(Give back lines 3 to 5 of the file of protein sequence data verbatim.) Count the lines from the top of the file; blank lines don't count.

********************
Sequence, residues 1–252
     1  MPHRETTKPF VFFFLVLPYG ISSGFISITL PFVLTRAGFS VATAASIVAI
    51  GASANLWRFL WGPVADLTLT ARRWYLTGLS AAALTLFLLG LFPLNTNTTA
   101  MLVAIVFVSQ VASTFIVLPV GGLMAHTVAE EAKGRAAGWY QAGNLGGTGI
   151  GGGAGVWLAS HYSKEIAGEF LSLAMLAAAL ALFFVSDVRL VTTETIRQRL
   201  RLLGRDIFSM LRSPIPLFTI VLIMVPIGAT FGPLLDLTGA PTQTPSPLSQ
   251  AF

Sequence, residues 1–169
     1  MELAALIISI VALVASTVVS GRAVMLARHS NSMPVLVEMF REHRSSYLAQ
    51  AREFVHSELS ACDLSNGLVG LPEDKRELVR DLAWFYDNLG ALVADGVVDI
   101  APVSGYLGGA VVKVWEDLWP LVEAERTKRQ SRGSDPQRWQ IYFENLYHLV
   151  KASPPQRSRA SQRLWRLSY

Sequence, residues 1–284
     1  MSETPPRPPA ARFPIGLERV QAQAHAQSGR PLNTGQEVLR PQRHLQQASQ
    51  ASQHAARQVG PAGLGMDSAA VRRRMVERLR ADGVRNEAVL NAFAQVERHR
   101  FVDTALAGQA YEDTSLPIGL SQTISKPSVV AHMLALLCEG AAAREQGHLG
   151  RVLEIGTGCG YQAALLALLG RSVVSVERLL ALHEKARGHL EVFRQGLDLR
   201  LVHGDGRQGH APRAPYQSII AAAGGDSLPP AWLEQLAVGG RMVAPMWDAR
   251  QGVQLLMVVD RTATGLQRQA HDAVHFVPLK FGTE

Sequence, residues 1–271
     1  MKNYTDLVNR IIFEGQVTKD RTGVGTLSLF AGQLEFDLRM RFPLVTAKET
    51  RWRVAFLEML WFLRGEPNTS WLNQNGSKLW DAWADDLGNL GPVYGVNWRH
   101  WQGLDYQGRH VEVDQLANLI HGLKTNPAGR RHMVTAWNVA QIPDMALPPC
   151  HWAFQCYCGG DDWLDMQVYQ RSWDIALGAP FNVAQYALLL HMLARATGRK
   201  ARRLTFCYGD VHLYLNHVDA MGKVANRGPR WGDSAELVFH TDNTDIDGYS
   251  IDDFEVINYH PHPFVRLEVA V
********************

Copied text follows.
    51  GASANLWRFL WGPVADLTLT ARRWYLTGLS AAALTLFLLG LFPLNTNTTA
   101  MLVAIVFVSQ VASTFIVLPV GGLMAHTVAE EAKGRAAGWY QAGNLGGTGI
   151  GGGAGVWLAS HYSKEIAGEF LSLAMLAAAL ALFFVSDVRL VTTETIRQRL